This Is Entry #1000


I wish I had something more interesting to say here today (I had thought about a "10 steps to better blogging article" but I didn't have the time to write it last night, as I was instead engrossed in the Soderbergh Solaris, which is a pretty good movie, if somewhat different than the Tarkovsky version--for one thing, it's over an hour shorter), but here goes:

Does anyone else call IKEA the "land of the rising meatball"?


I just wanted to say: I thought the new version of Solaris sucked. I've never seen the original, and I'd very much like to, but I sincerely hope it bears little-to-no resemblance to the new one (not in terms of overall ideas/plot but just in the way it was done). Ugh.

Define, please. I think I understand what it means, but I'd like your explanation.

The origin of "Solaris" is a novella (published in 1961) by the late Polish science fiction author Stanislaw Lem. It has been available in English translation, amongst others, since 1971. Lem is a treasured author amongst a multitude of science fiction fans, but his work was quite squarely in the realm of pulp fiction (like most science fiction).
Tarkovsky was a special filmmaker. He may well be the most towering figure to-date in the high art of moving pictures (the Bach of cinema?). Tarkovsky had a very difficult professional life, however. After enduring a five year bureaucratic ordeal in Soviet Russia over his second film, Andrei Rublev, and having various third film proposals rejected for political reason by the authorities, he finally got them to approve a project based on the Lem novel. It was the only film Tarkovsky made that was built around someone else's story. That said, Tarkovsky basically did what he wanted to with the story, so while Lem's story is largely recognizable within the film, the story is not what the film is about. Tarkovsky's Solaris is a major work of film art, but it is probably the least of his all his feature-length works, and it was certainly his least-favorite work.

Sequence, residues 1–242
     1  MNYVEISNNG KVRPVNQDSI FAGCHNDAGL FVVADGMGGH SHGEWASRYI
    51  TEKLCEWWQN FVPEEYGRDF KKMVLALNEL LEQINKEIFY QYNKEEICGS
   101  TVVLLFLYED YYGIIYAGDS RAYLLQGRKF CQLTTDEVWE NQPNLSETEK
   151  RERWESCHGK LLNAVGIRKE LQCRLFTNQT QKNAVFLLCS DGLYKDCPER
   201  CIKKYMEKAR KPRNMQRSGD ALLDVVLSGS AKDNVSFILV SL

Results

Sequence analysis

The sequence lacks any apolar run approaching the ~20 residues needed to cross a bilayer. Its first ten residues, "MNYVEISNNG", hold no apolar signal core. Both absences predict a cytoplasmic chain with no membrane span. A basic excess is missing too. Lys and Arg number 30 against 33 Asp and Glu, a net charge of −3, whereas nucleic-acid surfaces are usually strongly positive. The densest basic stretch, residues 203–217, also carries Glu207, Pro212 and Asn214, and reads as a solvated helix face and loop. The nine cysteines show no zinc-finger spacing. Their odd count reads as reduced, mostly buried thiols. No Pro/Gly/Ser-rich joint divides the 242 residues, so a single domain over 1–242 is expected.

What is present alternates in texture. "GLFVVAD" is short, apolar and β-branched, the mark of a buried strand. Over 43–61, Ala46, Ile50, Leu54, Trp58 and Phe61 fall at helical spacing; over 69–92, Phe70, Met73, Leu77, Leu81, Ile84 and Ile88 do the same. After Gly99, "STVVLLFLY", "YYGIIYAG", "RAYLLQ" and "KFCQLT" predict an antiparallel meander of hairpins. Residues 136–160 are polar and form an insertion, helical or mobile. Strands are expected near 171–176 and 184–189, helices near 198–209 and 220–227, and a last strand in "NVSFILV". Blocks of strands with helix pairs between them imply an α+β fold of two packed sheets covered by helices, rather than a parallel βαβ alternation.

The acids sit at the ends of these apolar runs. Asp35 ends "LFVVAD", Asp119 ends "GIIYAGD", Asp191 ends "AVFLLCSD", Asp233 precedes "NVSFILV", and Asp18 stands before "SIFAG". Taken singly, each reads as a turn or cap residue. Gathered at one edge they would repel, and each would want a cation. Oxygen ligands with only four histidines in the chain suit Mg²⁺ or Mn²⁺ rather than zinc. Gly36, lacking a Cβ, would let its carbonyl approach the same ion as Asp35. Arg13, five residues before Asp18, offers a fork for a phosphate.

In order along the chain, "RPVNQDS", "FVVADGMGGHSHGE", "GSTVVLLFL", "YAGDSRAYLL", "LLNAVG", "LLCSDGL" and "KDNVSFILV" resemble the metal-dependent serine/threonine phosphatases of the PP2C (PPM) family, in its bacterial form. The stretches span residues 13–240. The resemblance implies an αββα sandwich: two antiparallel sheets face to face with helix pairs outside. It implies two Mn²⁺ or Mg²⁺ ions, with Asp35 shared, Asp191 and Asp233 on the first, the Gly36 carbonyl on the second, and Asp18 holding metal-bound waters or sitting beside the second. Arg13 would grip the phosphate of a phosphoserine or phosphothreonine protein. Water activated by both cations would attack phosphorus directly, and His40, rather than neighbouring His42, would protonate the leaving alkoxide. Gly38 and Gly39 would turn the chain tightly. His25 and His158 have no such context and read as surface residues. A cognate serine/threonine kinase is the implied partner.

Soderberg is a very likeable film talent, and he has produced a remarkably diverse, largely amusing, often clever, and mildly innovative body of product. Some refer to Soderberg's Solaris as a "remake" of Tarkovsky's film, which is a little like saying "What's Opera, Doc?" is a "remake" of Die Nibelungen. No question that Soderberg was acutely aware of the superficialities of Tarkovsky's film: references are all over the newer film. Perhaps a better way to look at it is that Soderberg's film is closer in spirit and substance to the original source material, Lem's novella.
Anyone interested in Tarkovsky would do well to check out this book. Most of Tarkovsky's work is currently available on DVD.

...It was the only film Tarkovsky made that was built around someone else's story...
What about "Stalker"? It is based on Broth. Strughatsky's story 'Picnic on a sideroad'

Oh, sorry, Martin - fingers started typing and I didn't preview.

I stand corrected. You're absolutely right about Stalker. I had completely forgotten.

Leave a comment